Will robots steal our jobs? Why washing hands with soap keeps us COVID free? How to recognise ”good” science without understanding ”bad” science? How much digitalisation does the pig need? These and many other questions were answered by researchers during European Researchers’ Night.
A mind-blowing science show from Umeå, exciting geological adventures with Minecraft from Uppsala, a rare chance to peek into an Olympic test centre for winter sports from Östersund, were just a few of hundreds of creative digital activities held during 23-29 November all over Sweden as part of ForskarFredag, the Swedish branch of European Researchers’ Night.
The days are getting darker, temperatures are dropping and it’s raining almost every day. The majority of us think that November is the gloomiest month of the year here in Sweden…additionally COVID-19 continues to restrict our freedoms this year. There’s simply nothing exciting to look forward to this month other than Black Friday and Cyber Monday sales… But don’t despair, there is hope for reprieve from our boredom!
In 2019 and early 2020, school pupils, teachers, scout groups, astronomers and interested members of the public in Sweden, Spain, the UK and Ireland went out to count stars in the night sky. The objective was to help researchers to test a new method for measuring light pollution. Researchers have analysed the results and these have now been published.
In the Researchers’ Grand Prix contest, researchers in Sweden compete to present their research in as understandable, captivating and inspiring a way possible in just four minutes. An expert jury together with the audience decide the winner.
Can more information result in less food being wasted? Researchers will be investigating this together with pupils and teachers across the whole of Sweden in the Food Waste Experiment. To assist them, they will be using an artificial intelligence app and the world’s largest food sustainability database. Läs mer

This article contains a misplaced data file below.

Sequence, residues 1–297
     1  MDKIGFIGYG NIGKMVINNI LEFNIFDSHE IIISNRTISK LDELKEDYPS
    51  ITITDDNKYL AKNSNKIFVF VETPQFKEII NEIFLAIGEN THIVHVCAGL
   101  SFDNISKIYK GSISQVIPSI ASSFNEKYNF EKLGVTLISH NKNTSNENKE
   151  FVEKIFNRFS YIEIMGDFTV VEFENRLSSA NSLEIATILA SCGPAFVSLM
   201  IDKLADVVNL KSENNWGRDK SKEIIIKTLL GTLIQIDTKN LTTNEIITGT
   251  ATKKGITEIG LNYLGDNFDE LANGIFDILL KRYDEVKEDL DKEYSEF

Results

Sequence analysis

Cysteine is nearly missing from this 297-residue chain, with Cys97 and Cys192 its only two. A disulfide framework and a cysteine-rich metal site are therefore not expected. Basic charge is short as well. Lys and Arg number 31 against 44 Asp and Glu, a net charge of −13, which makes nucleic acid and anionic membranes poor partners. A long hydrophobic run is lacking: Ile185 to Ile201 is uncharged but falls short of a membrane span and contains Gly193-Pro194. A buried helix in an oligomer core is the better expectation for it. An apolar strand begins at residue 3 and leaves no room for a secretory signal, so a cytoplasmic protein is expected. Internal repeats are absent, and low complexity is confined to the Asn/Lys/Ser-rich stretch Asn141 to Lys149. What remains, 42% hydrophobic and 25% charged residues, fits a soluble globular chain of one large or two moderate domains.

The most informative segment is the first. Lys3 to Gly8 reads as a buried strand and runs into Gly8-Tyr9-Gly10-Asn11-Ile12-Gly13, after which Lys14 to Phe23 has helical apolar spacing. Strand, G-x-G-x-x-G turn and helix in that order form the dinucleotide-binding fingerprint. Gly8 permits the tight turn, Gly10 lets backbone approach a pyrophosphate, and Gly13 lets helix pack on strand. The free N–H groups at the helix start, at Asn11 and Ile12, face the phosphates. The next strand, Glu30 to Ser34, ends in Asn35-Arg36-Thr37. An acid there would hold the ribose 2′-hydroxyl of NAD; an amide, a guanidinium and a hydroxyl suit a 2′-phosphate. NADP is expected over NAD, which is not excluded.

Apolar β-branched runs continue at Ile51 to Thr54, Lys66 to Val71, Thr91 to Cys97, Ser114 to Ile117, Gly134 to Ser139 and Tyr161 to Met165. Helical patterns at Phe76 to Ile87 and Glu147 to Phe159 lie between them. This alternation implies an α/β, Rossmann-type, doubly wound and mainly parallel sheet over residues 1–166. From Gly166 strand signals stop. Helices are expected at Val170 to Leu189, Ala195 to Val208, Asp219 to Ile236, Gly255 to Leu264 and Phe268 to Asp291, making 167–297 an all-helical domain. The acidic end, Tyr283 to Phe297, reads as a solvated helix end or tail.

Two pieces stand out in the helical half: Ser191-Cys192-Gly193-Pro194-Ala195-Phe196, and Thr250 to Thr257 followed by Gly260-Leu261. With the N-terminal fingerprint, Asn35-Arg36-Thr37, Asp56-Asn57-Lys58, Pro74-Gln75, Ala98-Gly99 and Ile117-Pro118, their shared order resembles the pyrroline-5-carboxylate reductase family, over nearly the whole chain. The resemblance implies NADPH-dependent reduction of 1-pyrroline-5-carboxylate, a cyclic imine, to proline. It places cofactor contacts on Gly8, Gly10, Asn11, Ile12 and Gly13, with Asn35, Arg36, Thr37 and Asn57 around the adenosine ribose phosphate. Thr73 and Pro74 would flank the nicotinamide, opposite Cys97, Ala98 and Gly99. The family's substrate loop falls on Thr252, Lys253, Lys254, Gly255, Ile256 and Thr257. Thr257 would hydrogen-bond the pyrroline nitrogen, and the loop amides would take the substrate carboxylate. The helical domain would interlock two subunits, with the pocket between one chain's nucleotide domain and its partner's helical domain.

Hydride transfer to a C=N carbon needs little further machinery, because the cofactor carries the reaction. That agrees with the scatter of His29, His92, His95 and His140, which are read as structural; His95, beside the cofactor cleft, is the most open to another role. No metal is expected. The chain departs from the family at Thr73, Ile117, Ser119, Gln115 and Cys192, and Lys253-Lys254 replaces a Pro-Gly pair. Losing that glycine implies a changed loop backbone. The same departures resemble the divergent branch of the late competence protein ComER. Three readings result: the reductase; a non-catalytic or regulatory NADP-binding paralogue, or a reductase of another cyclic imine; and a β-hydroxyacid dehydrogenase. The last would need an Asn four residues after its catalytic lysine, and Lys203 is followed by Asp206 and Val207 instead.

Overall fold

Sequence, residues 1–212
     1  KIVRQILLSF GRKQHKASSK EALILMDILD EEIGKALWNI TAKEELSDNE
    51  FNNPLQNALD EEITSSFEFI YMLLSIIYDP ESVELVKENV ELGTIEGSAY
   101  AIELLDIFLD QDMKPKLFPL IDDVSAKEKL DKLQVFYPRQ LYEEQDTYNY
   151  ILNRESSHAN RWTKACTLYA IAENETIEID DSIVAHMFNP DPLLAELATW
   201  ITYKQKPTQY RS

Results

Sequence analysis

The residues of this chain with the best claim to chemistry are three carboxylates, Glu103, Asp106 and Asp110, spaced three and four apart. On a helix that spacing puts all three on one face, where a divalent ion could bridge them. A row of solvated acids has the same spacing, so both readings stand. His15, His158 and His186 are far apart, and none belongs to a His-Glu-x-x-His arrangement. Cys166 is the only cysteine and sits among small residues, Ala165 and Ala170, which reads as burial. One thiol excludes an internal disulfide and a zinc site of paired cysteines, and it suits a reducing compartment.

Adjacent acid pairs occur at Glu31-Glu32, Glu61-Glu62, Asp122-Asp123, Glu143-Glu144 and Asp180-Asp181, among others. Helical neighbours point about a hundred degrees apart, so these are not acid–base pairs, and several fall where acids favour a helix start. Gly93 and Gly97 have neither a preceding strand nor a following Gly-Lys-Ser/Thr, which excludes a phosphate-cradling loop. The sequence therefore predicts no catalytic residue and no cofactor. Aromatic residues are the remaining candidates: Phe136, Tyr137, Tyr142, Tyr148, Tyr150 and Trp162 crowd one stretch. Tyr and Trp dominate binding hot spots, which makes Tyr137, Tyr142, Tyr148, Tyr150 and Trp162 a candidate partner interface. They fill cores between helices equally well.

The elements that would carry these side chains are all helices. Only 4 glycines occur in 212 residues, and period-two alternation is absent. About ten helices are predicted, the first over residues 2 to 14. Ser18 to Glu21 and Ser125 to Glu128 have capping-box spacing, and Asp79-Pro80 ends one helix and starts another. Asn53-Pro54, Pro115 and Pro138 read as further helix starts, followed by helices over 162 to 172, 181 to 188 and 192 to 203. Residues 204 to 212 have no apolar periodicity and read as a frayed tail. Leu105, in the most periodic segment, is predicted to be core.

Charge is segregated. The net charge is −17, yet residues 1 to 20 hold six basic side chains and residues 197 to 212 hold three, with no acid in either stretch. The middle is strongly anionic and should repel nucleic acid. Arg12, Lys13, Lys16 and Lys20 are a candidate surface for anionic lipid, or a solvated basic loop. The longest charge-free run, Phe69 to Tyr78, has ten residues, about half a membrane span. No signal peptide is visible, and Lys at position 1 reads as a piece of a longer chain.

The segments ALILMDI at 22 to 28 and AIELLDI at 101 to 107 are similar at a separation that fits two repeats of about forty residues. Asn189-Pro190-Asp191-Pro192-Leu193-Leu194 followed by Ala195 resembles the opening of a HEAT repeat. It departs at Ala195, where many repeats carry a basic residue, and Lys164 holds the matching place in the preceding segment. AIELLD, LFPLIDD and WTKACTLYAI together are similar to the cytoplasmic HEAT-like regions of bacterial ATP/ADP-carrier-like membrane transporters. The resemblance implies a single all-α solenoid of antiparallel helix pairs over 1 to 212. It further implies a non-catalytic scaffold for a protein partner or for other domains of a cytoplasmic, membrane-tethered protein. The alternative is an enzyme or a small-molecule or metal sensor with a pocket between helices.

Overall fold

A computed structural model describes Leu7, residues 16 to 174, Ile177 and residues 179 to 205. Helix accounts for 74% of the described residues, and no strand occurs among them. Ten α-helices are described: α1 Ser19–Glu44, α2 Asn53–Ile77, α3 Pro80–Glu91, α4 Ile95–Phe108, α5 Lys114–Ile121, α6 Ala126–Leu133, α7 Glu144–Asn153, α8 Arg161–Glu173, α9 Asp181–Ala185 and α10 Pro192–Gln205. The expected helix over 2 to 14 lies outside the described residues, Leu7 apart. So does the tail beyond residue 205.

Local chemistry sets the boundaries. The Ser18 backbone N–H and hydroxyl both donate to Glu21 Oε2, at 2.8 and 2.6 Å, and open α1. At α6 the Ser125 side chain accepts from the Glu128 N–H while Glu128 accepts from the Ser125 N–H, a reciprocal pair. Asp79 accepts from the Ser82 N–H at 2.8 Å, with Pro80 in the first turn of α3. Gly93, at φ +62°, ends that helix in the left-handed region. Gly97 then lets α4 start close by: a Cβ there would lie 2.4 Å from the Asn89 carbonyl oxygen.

Research has shown that light pollution causes problems for both wildlife and humans. In the Star-Spotting Experiment we also want to learn more about what we can do to reduce light pollution and use light in an optimal way. At Jönköping University in Sweden researchers are working with these questions. Myriam Aries is a Professor in Lighting Science, and we asked her to answer a few of our questions.
The Star-Spotting Experiment, VA’s 2019 citizen science project to investigate light pollution, was shortlisted for the 2019 Falling Walls Science Engagement of the Year competition. Project manager, Lena Söderström was invited to Berlin in November to present the project in the final of the competition at the Falling Walls Conference. Here we talk to her about the experience.
This year’s European Researchers’ Night, known as ForskarFredag in Sweden, took place in 30 cities across the country. Participants engaged in the Swedish events included 17,122 visitors, and 550 researchers and PhD students.
Now, N.Ö.R.D. is open for contributions! N.Ö.R.D. is a digital competition for those who want to join the Researchers’ Grand Prix, but have no competition close by. Simply submit a video with your presentation and compete for a place in the final!
The Star-Spotting Experiment, this year’s citizen science project in connection with the European Researchers’ Night events in Sweden, is now well underway. Members of the public across Sweden are helping scientists to measure light pollution by counting stars in the sky and recording the data in a specially-designed app. Here we catch up with Lena Söderström, Project Manager at VA (Public & Science), who is coordinating the Star-Spotting Experiment, to find out how the project is progressing.
Street lamps, illuminated signs and buildings – lights at night improve safety and make cities more attractive, but have also been shown to have negative effects for humans and animals. The more light there is, the fewer stars you can see in the night sky. In this year’s mass experiment, more than 11,000 pupils, families and other members of the public will help scientists measure light pollution by counting stars in the sky.
Researchers in 29 Swedish cities shared their passion for research and science at this year’s European Researchers’ Night celebrations. The annual Europe-wide science festival, in 2018 held on 28 & 29 September, featured activities in over 370 cities in Europe.
If one day of ForskarFredag is not enough for you, this year, for the first time, the event will be extended to Saturday. Three different activities will take place in Stockholm on 29 September: FysikFest, Biomedicum Open House and Day of Astronomy.
ForskarFredag, a part of European Researchers’ Night, for the first time will be extended to Saturday. On 29 September, three separate events will take place in Stockholm. One of them will take place at Biomedicum, Karolinska Institutet’s new research laboratory. It is opening its doors on Saturday 29th at 11:00 for everyone interested.
Every year since 2006, during the last Friday of September, ForskarFredag has been organised throughout Sweden. It has become an annual tradition that is growing bigger. Last year, almost 15,000 visitors participated in the event. This year, to meet the high demand and bring research even closer to the public, ForskarFredag in Stockholm will be extended to Saturday as well.